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  • May 18, 2018

CIF@10 - The Journey Begins


Here I am. On the first leg of this journey to learn and share what climate finance investments can do, for ordinary people, like you or me.

As I land in Bogotá, Colombia, I think how relevant CIF is for this city. The thick pollution is so tangible, I ask myself about the safety of its citizens.

As I land in Bogotá, Colombia, I think how relevant CIF is for this city. The thick pollution is so tangible you ask yourself about the safety of its citizens, especially children, pregnant women, cyclists, or joggers. The fleet of 337 hybrid buses, 180 of which are supported by CIF, may still be a drop in the ocean, but it’s a start. That fleet transports 150,000 passengers each day, and collectively travels 17 million kilometers per year.

They represent an important step in the right direction, that of a lower carbon approach to transport. A response to a problem that can be tackled, and that we no longer can avoid tackling. Seeing is believing, and seeing the hybrid buses rushing through the busy avenues brings hope for a city that is among the most polluted in South America.

What brings even more hope are conversations with CIF’s partners in this effort and hearing how our contributions have a multiplying effect, bringing in more hybrid buses, by attracting other investors. What makes this even more compelling, is the impact the project has on transport policies that – in the end – will benefit Bogotanos in many ways, not only from a health perspective, but also the value added by more integrated tariffs and bus routes. That’s exactly what we hope our initial investments will do, wherever they may be, in whichever field: bring in more investments, open markets, create opportunities whose benefits will go beyond those directly involved, and ultimately benefit all of us, as we create a more sustainable, equitable world.

Next stop is Chile. Melipilla is a town close to Santiago, and home to a little over 100 thousand people. While its population is not that big, its area is huge, at over 1300 square kilometers, making it bigger than New York City, which is about 1200 square kilometers. CIF and the Inter-American Development Bank (IDB) are investing in energy efficiency in Melipilla – and other cities in Chile. Too often this option is overlooked. Yet, energy efficiency can help save a lot of money and avoid a lot of CO2 in the atmosphere. We met the Mayor and his team, the CEO of the company that, through CIF’s and IDB financial support, is providing LED lighting in the city, and we heard another story of deep territorial and social transformation.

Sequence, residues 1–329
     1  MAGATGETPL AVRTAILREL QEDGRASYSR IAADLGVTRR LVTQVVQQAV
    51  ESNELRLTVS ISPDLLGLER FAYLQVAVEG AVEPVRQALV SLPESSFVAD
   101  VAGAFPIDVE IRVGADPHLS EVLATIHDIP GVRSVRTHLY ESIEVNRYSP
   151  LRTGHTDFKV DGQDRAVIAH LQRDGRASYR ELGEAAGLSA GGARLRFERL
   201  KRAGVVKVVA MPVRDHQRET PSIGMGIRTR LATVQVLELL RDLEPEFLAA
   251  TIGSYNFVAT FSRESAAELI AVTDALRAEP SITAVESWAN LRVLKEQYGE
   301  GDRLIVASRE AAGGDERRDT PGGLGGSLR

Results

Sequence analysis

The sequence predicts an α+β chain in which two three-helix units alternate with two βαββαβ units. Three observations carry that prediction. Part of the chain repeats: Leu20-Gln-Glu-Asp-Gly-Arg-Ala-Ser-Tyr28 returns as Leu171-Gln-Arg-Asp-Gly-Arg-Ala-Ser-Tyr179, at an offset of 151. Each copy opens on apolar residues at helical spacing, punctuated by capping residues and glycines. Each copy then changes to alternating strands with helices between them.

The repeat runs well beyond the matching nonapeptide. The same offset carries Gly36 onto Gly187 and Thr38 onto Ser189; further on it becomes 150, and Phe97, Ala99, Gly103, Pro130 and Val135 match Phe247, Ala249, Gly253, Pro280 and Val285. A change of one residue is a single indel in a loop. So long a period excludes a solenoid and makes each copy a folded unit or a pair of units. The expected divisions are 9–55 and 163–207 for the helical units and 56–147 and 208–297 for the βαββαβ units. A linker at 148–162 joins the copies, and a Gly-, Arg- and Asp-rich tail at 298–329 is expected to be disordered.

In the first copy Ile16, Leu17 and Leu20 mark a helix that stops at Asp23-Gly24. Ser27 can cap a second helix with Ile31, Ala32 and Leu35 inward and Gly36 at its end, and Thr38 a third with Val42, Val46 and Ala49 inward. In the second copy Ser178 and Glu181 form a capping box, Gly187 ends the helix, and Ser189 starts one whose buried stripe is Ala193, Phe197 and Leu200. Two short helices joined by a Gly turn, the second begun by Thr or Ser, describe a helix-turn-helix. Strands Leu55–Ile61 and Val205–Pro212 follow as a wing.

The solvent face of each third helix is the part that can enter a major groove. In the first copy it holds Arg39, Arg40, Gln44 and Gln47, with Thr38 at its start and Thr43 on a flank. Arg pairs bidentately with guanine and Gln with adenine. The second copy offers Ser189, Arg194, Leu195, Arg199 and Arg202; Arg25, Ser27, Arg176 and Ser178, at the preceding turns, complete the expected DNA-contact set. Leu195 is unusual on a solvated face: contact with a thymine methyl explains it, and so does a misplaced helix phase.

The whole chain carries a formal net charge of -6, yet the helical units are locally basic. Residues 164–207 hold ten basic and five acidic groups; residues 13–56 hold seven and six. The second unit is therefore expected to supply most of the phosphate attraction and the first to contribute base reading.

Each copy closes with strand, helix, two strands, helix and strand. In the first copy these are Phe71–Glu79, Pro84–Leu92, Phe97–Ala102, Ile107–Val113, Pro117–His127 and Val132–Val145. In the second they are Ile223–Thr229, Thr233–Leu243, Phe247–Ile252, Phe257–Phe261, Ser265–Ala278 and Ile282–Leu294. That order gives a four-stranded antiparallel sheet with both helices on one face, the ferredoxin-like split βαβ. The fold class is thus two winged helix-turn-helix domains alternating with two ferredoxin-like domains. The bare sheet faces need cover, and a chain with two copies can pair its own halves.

From an impressive drop in crime, as more spaces are better lit, delivering a greater sense of security, to citizens regaining ownership of public spaces, and increased social interactions, we beamed proudly as he spoke about how the budget savings have allowed him to channel funds to bring drinking water where there was still none. From LED public lighting to access to safe drinking water—these are the dots climate finance connects.

Buoyed by Melipilla’s impact story, we head to the Atacama Desert, to visit the highest geothermal station on the planet – and the first in South America, Cerro Pabellon’s 4500msl station. This state of the art geothermal plant was developed by ENEL Green Power and ENAP, with support from CIF and IDB. While the geological condition provides an excellent energy output, the extreme logistic and conditions pose a great challenge for workers, given the reduced physical capacity due to the very high altitude.

In March 2017, this geothermal station started providing clean energy, in a region where access is not necessarily a given. While Cerro Pabellon represents a state of the art geothermal provision of clean energy, and where we learned about its highly-automated control system from a young woman engineer working at the station, we were also captivated by another story. That of Janett Troncoso.

Not far from Cerro Pabellon lies the village of Ollague, a few kilometers from the Bolivian border. Janett lives there. Thanks to the Cerro Pabellon project, Janett and other local families have moved from 5 to 24-hour access to electricity. Think about that for a minute: could you give up 19 hours of electricity each day, in your life?

That 19 hours is the difference between a world of opportunities and one without. Janetts told us she has enrolled on an online degree course, she now owns a fridge, which means improved food safety, and has finally set up a laundry service with friend, bringing new income, to pay for a mortgage. As she very simply told us, this is life-changing.

How many more Janetts are there, in Chile? In other countries? As long as there are some, we, CIF and the global development community, have an unfinished agenda and a job to do.